A bootstrapping function for a two-way mixed effects ANOVA

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A bootstrapping function for a two-way mixed effects ANOVA | Nadine Spychala

Ever wondered how to use bootstrapping for statistical testing in a two-way mixed effects model?

In my brain-computer interface study (which you can have a look at here), I had to do exactly this in order to properly calculate ANOVAs. As I was searching for solutions in the world wide web, I realized that there was no showcase readily applicable to precisely my problem.

There is a lot on methods of bootstrapping in general (a classical source is this book written by Bradley Efron and Robert J. Tibshirani), and some people have developed methods for their studies involving one- and two-way fixed effects models (see, e. g., this study about gene classification), or looked at specific cases of these models (see, e. g., this study on bootstrapping in models with unequal variances), or written built-in functions in R (e. g., ANOVA.boot(), which distinguishes between the so-called residual and the wild bootstrap, both of which have different assumptions about the error terms involved), but neither did studies seem to have used bootstrapping in two-way mixed effects models nor have any functions been developed for these sort of models.

When using bootstrapping in null hypothesis significance testing, it all comes down to the question how to create the null distribution based on the real data. Whereas it is quite clear how to treat between-subject factors in this respect, it is less straightforward what to do with within-subject factors.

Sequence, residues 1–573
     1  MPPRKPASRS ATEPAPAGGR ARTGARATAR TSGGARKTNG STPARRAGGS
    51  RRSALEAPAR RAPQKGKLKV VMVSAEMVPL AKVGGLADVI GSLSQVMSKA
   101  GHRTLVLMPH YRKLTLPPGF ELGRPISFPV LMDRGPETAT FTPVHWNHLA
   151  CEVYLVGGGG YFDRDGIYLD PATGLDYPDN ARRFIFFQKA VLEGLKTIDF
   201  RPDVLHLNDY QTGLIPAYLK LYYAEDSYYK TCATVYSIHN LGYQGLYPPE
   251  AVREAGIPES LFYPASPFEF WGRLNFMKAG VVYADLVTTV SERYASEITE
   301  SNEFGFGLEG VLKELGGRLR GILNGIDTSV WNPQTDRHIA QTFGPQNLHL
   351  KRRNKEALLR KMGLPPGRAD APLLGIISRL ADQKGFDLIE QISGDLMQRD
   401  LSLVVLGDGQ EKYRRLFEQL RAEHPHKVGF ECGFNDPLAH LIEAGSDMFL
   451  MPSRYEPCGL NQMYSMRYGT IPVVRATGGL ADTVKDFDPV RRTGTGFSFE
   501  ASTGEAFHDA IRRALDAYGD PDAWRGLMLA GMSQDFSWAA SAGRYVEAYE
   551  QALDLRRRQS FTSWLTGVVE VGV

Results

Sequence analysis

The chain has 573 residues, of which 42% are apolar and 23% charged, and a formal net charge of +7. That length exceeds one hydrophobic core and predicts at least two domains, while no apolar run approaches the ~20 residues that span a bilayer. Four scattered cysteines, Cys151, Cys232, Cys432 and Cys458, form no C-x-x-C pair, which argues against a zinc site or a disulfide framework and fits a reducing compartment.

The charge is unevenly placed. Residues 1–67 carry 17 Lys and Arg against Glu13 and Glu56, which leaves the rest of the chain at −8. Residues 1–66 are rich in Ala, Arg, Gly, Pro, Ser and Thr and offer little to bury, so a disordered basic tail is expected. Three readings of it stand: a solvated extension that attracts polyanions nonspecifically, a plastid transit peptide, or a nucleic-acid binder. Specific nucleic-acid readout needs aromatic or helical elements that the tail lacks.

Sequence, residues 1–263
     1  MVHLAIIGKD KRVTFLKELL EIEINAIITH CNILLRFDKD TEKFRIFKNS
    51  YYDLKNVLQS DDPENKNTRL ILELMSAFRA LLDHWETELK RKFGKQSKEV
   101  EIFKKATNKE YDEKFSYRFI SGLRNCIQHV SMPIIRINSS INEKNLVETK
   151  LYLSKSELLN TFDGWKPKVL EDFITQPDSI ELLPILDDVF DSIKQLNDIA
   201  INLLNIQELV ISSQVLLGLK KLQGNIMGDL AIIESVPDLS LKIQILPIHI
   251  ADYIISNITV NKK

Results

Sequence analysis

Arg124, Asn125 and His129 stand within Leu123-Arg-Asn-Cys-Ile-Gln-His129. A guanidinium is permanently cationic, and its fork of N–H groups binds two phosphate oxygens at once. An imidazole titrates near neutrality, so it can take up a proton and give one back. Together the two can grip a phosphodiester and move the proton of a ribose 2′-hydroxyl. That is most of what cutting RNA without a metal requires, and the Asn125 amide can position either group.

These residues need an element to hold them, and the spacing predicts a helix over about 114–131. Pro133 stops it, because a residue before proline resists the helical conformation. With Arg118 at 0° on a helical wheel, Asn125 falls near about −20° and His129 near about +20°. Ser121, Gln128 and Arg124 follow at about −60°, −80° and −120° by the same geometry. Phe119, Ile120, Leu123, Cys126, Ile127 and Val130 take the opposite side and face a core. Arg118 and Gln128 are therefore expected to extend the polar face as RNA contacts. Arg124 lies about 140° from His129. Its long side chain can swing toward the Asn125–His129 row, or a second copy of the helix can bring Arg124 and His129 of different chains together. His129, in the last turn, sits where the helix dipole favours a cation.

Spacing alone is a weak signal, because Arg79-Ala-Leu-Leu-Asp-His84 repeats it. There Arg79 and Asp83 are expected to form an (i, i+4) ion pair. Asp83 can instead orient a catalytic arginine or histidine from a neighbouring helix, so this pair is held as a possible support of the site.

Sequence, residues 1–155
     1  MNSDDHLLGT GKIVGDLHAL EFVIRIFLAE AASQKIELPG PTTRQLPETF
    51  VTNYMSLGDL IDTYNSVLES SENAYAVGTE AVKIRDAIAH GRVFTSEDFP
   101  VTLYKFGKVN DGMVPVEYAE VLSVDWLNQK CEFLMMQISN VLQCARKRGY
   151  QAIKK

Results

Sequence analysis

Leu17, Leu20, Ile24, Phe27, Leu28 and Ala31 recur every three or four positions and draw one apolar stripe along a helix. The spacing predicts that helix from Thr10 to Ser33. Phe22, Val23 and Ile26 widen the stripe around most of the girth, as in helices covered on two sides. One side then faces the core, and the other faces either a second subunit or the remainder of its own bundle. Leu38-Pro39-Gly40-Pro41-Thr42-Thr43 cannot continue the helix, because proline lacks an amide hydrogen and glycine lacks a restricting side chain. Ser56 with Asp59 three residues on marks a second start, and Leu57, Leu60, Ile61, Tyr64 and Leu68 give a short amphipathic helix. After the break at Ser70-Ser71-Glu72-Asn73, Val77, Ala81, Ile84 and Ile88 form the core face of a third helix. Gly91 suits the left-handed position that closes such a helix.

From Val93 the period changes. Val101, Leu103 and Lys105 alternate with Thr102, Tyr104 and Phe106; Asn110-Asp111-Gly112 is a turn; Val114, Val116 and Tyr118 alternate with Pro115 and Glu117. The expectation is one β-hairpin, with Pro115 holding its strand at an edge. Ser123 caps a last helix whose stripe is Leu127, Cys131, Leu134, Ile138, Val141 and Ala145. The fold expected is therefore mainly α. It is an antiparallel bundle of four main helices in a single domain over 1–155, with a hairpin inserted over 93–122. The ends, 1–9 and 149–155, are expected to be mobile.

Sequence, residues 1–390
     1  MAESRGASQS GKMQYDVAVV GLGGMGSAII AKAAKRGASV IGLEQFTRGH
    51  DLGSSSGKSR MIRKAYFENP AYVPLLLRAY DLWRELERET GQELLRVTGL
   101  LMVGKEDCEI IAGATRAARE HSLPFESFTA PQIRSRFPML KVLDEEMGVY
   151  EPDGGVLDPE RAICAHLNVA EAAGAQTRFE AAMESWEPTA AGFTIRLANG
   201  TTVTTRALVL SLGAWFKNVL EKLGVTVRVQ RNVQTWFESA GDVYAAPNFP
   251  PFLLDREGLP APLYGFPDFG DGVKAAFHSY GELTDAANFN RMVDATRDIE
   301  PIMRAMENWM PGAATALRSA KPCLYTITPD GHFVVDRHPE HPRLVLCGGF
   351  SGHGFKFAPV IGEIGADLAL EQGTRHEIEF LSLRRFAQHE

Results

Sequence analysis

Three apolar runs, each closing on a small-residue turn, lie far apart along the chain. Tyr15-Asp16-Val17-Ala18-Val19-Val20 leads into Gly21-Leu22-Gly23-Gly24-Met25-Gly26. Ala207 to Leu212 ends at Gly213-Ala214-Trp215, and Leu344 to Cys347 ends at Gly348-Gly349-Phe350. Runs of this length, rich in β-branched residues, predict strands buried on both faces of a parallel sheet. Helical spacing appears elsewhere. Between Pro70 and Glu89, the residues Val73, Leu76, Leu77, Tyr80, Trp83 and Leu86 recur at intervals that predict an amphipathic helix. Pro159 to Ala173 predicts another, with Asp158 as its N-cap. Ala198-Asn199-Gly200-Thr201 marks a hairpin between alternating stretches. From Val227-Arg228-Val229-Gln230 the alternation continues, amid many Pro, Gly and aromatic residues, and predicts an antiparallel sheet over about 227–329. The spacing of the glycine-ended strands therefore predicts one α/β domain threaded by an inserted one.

A methodological paper written by Berkovits, Hancock, and Nevitt (2000) filled the gap: These authors proposed a bootstrapping method for a one-way repeated measure ANOVA design using centering (more about this below).

In the following, I present you a function which outputs the same as anova() for mixed effects models, but with bootstrapped p-values. Thus, should you need a one-line solution to your bootstrapping problem for two-way mixed effects models (or some inspiration writing your own function) - below you see one way how you can do it.

Why bootstrapping in the first place?

Normally, when performing a statistical test using standard programs or functions (in e. g. R or MATLAB) you assume a theoretical null distribution (e. g. a t-distribution with mean and variance parameters) for your test statistic. This is fine, if you are certain that your data is normally distributed and homoscedastic. If you aren’t, you should consider to do the test using a data-driven approximate null distribution. While all procedures to create such a distribution use a form of resampling from the given data, their exact details depend on the model of interest (i.e., whether you consider a 1-, 2- or n-way model, and whether effects are fixed or random).

How to use bootstrapping in a two-way mixed effects ANOVA